Marcus Mosiah Garvey (in back of vehicle, in military uniform) during a Universal Negro Improvement Association (UNIA) parade in Harlem, New York, 1924. Photo by James Van Der Zee via Michael Ochs Archives/Getty Images.
Marcus Mosiah Garvey (in back of vehicle, in military uniform) during a Universal Negro Improvement Association (UNIA) parade in Harlem, New York, 1924. Photo by James Van Der Zee via Michael Ochs Archives/Getty Images.

Who besides Jesus, Mohammad, Moses, Mother Mary, or Jah has inspired the musical or poetic output of artists such as Max Roach, Burning Spear, Randy Weston, Sinéad O’Connor, Culture, Tarrus Riley, Majek Fashek, the Skatalites; various calypso performers of solid reputation in New York (the “Calypso King” Wilmoth Houdini among them), Panama, and Costa Rica; the Mighty Diamonds, Big Youth, Mutabaruka, and one quietly fiery Faybiene Miranda? (The last gave voice to a bluntly worded political challenge in the enduring, and once banned-in-Kingston, hematite-heavy roots reggae song “Prophecy” in the mid-’70s. The song was produced and championed by powerful Jamaican music maker-or-breaker Jack Ruby [real name: Lawrence Lindo]. And here’s a mix of “Prophecy” with heavier bass—and more guitar through a distortion filter, it seems).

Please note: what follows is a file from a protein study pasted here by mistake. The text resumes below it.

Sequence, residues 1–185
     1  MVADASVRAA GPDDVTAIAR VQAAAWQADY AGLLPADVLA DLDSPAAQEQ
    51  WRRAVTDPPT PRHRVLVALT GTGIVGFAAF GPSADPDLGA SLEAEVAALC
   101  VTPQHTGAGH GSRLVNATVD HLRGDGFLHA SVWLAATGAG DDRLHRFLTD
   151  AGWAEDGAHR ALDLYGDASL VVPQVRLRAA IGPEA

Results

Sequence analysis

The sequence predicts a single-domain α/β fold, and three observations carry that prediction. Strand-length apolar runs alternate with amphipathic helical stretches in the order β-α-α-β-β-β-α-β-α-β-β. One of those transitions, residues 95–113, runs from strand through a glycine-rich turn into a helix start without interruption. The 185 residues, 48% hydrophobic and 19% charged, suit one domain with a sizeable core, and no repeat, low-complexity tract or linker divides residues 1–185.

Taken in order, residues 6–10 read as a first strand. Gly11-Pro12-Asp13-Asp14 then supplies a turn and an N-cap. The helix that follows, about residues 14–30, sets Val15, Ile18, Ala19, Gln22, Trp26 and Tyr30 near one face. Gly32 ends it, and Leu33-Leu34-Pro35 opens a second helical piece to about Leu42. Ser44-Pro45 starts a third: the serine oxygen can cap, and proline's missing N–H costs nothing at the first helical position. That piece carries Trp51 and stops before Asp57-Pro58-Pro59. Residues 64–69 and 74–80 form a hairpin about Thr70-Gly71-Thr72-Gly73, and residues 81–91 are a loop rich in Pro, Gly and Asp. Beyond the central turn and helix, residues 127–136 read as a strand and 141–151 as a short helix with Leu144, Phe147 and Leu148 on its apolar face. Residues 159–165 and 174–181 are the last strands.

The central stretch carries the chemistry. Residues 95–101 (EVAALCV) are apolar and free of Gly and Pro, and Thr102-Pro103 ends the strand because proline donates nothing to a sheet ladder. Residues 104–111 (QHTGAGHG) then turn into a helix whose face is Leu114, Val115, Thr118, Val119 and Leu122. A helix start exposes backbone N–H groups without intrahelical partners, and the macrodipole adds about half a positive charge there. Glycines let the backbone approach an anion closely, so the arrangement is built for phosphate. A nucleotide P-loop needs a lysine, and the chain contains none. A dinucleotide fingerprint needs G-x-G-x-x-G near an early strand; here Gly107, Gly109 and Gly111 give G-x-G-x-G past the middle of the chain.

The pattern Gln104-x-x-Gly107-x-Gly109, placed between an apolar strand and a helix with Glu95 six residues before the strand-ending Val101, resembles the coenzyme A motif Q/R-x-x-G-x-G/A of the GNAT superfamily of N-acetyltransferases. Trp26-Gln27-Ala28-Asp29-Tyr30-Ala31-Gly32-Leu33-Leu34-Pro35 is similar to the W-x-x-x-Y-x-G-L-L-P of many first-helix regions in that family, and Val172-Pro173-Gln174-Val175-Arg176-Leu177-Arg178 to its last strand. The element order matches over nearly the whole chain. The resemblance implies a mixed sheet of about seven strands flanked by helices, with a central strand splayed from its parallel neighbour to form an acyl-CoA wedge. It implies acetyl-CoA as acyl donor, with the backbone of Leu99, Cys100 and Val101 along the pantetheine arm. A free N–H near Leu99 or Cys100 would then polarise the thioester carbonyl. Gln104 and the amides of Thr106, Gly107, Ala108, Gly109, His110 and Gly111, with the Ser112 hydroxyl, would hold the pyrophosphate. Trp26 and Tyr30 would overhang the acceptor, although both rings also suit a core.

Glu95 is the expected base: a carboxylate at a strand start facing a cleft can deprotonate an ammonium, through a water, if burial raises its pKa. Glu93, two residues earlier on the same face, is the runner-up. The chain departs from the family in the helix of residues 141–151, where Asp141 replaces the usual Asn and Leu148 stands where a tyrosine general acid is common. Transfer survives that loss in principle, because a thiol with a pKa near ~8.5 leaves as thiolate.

Marcus Garvey in Harlem, 1924. Photo via Universal History Archive/Universal Images Group via Getty Images.
Marcus Garvey in Harlem, 1924. Photo via Universal History Archive/Universal Images Group via Getty Images.

And the disembodied spirit aided the coining of titles. Take “Garvey’s Ghost.” Both Roach, the late master drummer and composer of secure stature in jazz, and the living Jamaica roots legend, Winston Rodney (aka Burning Spear), a man of aural and reputational resonance lasting a half century, recorded very different works of music that carry that same name. Yet those recorded works share certain intangible qualities that speak to the soul.